March 15th marks a very inauspicious anniversary. Like a black cat crossing your path, the Ides of March has become a metaphor for impending doom. How did a day that was once celebrated by the Romans become so heavily cloaked in superstition?
The Ides of March is a phrase derived from the Latin idus, a term marking the 15th day of March, July and October as well as the 13th day of other months in the Roman calendar year, and the Latin martii, “March,” which is derived from the Latin Mars, the Roman god of war. The “ide”marks the halfway point of the month—most likely alluding to the day of the full moon. Apparently, devised by Romulus, the mythical founder of Rome, the early Roman calendar cited other dates of the month by counting backwards from the kalends (1st day of the month), kones (the 7th day of March, May, July and October; the 13th day in other months) and of course, the ides.
Once a celebratory day dedicated to the Roman god, Mars (complete with a military parade) the backstabbing of Julius Caesar in 44 B.C. cast a dark cloud. Shakespeare’s “The Tragedy of Julius Caesar” immortalized this dark moment.
Written by William Shakespeare around 1599, “Julius Caesar“ portrays the assassination of the Roman dictator by a group of conspirators. After ignoring the warnings of a soothsayer, a person who professes to foretell events, who uttered the phrase “Beware the Ides of March,” Caesar is stabbed 23 times in the back.
Thus, the same man who brought us the month of July involuntarily inaugurated the phrase “backstabbing.”
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Wow! Very Interesting! Can’t wait to quiz my friends on this info!
[...] what is an “Ide”? According to dictionary.com, an ide represents the halfway point of the month, most likely in reference to the full moon. The [...]
Every year on the ides of March,
My muse reminds me in tones somewhat arch
That I should be penning a noble creation
To mark the date and historic occasion.
She thinks I should write an epic Roman ballad.
I usually just order a Caesar salad.
Poem by William C. Ross, 3/ides/11
Knew about the Ides, but very interesting to know where backstabbing came from!
The new thing I learned today!
Interested to see that the article mentions the word “ide” as if “ides” were a plural word. “Ide” is a suffix and an acronym, but unless something’s changed quite recently, it’s not a word in and of itself.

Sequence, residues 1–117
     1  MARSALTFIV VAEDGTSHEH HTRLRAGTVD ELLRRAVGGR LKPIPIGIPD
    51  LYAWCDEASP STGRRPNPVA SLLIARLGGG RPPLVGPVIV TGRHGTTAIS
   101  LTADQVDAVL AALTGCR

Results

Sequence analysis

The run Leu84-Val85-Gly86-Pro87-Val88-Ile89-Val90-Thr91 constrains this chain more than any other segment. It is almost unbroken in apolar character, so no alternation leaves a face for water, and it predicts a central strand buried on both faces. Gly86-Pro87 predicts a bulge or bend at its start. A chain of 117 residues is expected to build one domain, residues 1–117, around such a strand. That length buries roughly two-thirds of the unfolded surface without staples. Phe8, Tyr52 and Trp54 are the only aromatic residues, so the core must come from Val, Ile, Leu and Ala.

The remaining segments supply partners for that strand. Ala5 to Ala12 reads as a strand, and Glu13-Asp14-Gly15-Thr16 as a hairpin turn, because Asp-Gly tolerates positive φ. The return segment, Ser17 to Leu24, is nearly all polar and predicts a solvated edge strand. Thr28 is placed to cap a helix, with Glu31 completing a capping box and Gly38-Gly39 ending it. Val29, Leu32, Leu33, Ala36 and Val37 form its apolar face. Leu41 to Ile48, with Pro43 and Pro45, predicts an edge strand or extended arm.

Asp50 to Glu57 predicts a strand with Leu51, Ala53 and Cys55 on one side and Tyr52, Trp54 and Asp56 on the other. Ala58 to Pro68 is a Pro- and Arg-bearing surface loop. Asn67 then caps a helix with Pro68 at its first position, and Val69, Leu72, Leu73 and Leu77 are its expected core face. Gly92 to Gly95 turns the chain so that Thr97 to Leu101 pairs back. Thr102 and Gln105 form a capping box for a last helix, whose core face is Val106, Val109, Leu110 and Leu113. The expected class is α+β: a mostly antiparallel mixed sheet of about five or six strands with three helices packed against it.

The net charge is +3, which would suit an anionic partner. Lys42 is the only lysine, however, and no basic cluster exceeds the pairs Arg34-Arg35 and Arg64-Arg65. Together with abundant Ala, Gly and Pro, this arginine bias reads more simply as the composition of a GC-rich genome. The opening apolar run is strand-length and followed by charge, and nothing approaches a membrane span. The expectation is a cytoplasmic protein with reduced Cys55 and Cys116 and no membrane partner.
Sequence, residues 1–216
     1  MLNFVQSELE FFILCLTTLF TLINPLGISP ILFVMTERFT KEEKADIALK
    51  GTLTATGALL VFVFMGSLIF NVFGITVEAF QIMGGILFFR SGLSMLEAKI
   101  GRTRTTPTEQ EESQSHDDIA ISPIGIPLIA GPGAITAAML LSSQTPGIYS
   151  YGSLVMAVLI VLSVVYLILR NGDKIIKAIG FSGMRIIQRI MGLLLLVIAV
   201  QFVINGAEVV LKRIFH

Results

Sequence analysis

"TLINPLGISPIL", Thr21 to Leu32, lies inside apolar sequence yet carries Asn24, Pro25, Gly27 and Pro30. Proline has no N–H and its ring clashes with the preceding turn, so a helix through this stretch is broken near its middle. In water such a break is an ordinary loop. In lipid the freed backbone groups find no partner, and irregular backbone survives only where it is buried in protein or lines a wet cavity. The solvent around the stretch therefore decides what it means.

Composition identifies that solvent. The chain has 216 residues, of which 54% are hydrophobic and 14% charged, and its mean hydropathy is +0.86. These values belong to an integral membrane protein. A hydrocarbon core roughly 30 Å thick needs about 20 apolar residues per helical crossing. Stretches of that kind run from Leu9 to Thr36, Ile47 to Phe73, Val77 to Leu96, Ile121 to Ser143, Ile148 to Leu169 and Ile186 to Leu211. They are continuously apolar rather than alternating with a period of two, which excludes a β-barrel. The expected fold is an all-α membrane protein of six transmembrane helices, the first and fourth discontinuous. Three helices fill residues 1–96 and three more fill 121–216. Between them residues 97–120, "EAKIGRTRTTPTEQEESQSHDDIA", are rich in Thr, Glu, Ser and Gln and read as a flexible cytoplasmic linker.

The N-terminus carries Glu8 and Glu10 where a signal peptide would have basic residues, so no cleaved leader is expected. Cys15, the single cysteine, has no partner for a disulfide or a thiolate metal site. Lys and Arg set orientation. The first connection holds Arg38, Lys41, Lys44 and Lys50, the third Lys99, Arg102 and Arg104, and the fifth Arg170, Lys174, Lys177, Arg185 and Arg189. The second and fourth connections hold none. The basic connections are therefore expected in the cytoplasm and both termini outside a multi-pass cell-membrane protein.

i thought the ides was on the fifth of march… hmmm… looks like i’ll have to change a few ideas i had… pretty cool though… what does the thirteenth have to do with the fifteenth? even in latin, thirteen is nowhere close sounding to fifteen… i’m confused…
This is one of my most favorite posts to date! Very interesting.
interesting that i got denied to northeastern on march 15!
I love this article. What other dates bring with them impending doom?
So it means Shakespeare wrote about things that had actually happened in the history. But aren’t plays like Hamlet and Romeo-Juliet works of fiction? Confused…
So people can’t write fiction and nonfiction works of literature? They are forced to stick to one?
i still don’t understand this.. so slow..
@Carrie, I believe it’s only referred to as “Ides” in a plural form: A. Because that is how the soothsayer told Julius Caesar, B. Because Caesar was stabbed by multiple people, multiple times, and/or C. Because the word “Ide” refers to the middle of the month, and applies to every month, thus making it multiple.
@Japneet- Julius Caesar was a real person, but Shakespeare wrote a fiction work about him. It was HISTORICAL FICTION, not nonfiction. Most facts in his play are true, but he squished most of the events together, because otherwise the years in between the events would have made the play too long. XP
Anyway, this is interesting… I remember how, last year when I was taking Latin as my foreign language in high school, we had to take the “National Latin Exam” on the Ides of March… which was lucky for me, I had plenty of time to study! ^-^
DukeMutt, “C” because the ides occur in three months (but not every month). The same way we would refer to how many holidays there are in a year. Cheers. I like the multiple choice.
it is so facinating and cool
The first sentence of the second paragraph should have a semicolon after “roman calendar year”, to separate the explanations of 1) idus, and 2)martii. Using only a comma made the sentence difficult to read.
I thought that it was kalends, nones, and ides. I’ve never heard of “kones” before and I took Latin I, II, and III.
“The Ides of March” is my moms birthday.Lol
The Ides of March is my birthday! The day I was born, my uncle said, “beware the Ides of March…”
I love the array of comments, corrections, interpritations and just the over all interest in the story that explains somewhat of the unknown.
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Stacy: You’re thinking “nones” as one of the hours of prayers in a medeival monastery: Prime, Terce, Nones, Matins – probably in a modern monastery as well now that I think of it.
Love this site; I check it every day. Thank you!
Stacy is right – it is nones, not kones, but the nones occurred nine days before the ides – so it was never on the 13th of any month – it was on the 7th in months when the ides fells on the 15th, and on the 5th when the ides fell on the 13th. The nones was traditionally the day when the holidays for the month were announced.
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